The rest of this article is only available to active members of Questia

Sign up now for a free, 1-day trial and receive full access to:

  • Questia's entire collection
  • Automatic bibliography creation
  • More helpful research tools like notes, citations, and highlights
  • Ad-free environment

Already a member? Log in now.

Notes for this article

Add a new note
If you are trying to select text to create highlights or citations, remember that you must now click or tap on the first word, and then click or tap on the last word.
One moment ...
Project items

Items saved from this article

This article has been saved
Highlights (0)
Some of your highlights are legacy items.

Highlights saved before July 30, 2012 will not be displayed on their respective source pages.

You can easily re-create the highlights by opening the book page or article, selecting the text, and clicking “Highlight.”

Citations (0)
Some of your citations are legacy items.

Any citation created before July 30, 2012 will labeled as a “Cited page.” New citations will be saved as cited passages, pages or articles.

We also added the ability to view new citations from your projects or the book or article where you created them.

Notes (0)
Bookmarks (0)

You have no saved items from this article

Project items include:
  • Saved book/article
  • Highlights
  • Quotes/citations
  • Notes
  • Bookmarks
Notes
Cite this article

Cited article

Style
Citations are available only to our active members.
Sign up now to cite pages or passages in MLA, APA and Chicago citation styles.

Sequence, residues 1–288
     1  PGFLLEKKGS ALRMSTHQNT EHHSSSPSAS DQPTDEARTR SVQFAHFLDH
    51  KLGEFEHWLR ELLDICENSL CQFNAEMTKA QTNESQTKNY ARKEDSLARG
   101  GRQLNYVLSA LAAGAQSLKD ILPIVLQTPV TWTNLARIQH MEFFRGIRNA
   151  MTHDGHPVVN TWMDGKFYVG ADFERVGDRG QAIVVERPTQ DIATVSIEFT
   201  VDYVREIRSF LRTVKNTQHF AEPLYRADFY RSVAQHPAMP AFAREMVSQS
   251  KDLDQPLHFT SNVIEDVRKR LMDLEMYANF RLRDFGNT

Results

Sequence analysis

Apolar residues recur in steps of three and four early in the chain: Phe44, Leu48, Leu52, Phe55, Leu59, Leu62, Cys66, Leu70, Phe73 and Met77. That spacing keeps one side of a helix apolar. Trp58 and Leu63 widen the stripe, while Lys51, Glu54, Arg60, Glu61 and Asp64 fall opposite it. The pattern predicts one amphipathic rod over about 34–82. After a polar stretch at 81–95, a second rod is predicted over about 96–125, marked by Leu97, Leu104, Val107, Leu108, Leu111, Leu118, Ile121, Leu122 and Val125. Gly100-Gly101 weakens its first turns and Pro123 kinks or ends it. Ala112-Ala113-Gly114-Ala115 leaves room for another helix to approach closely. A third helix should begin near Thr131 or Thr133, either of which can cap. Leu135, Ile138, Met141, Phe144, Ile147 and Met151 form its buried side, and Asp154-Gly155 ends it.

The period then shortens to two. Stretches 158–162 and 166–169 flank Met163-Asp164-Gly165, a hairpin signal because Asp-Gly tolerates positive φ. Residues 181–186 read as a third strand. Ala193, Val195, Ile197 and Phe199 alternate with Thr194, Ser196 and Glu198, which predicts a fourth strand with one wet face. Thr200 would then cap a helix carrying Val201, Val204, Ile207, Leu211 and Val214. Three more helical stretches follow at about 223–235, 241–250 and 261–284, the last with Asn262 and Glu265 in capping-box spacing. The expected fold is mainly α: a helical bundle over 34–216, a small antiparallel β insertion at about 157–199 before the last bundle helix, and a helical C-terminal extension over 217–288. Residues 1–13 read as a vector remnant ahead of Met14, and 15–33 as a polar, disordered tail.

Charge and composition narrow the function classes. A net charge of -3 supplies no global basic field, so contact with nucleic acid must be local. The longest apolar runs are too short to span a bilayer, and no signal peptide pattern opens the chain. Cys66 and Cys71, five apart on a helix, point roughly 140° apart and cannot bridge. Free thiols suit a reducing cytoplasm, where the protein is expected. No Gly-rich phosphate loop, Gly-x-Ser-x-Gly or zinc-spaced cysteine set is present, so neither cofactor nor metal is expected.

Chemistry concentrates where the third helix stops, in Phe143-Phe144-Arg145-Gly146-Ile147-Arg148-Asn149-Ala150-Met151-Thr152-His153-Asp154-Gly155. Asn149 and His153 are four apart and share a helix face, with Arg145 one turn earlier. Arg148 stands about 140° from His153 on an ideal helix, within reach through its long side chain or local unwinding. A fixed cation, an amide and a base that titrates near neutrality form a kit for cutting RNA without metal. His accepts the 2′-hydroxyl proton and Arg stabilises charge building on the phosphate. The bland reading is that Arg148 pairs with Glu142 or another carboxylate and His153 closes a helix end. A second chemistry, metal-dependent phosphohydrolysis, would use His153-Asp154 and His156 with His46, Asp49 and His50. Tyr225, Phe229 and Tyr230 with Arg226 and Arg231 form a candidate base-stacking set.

(Einhorn, 1992, p. 25)

(Einhorn 25)

1

1. Lois J. Einhorn, Abraham Lincoln, the Orator: Penetrating the Lincoln Legend (Westport, CT: Greenwood Press, 1992), 25, http://www.questia.com/read/27419298.

Cited article

History Clouds Vision for Future
Settings

Settings

Typeface
Text size Smaller Larger
Search within

Search within this article

Look up

Look up a word

  • Dictionary
  • Thesaurus
Please submit a word or phrase above.
Print this page

Print this page

Why can't I print more than one page at a time?

Full screen

matching results for page

Cited passage

Style
Citations are available only to our active members.
Sign up now to cite pages or passages in MLA, APA and Chicago citation styles.

"Portraying himself as an honest, ordinary person helped Lincoln identify with his audiences." (Einhorn, 1992, p. 25).

"Portraying himself as an honest, ordinary person helped Lincoln identify with his audiences." (Einhorn 25)

"Portraying himself as an honest, ordinary person helped Lincoln identify with his audiences."1

1. Lois J. Einhorn, Abraham Lincoln, the Orator: Penetrating the Lincoln Legend (Westport, CT: Greenwood Press, 1992), 25, http://www.questia.com/read/27419298.

Cited passage

Welcome to the new Questia Reader

The Questia Reader has been updated to provide you with an even better online reading experience.  It is now 100% Responsive, which means you can read our books and articles on any sized device you wish.  All of your favorite tools like notes, highlights, and citations are still here, but the way you select text has been updated to be easier to use, especially on touchscreen devices.  Here's how:

1. Click or tap the first word you want to select.
2. Click or tap the last word you want to select.

OK, got it!

Thanks for trying Questia!

Please continue trying out our research tools, but please note, full functionality is available only to our active members.

Your work will be lost once you leave this Web page.

For full access in an ad-free environment, sign up now for a FREE, 1-day trial.

Already a member? Log in now.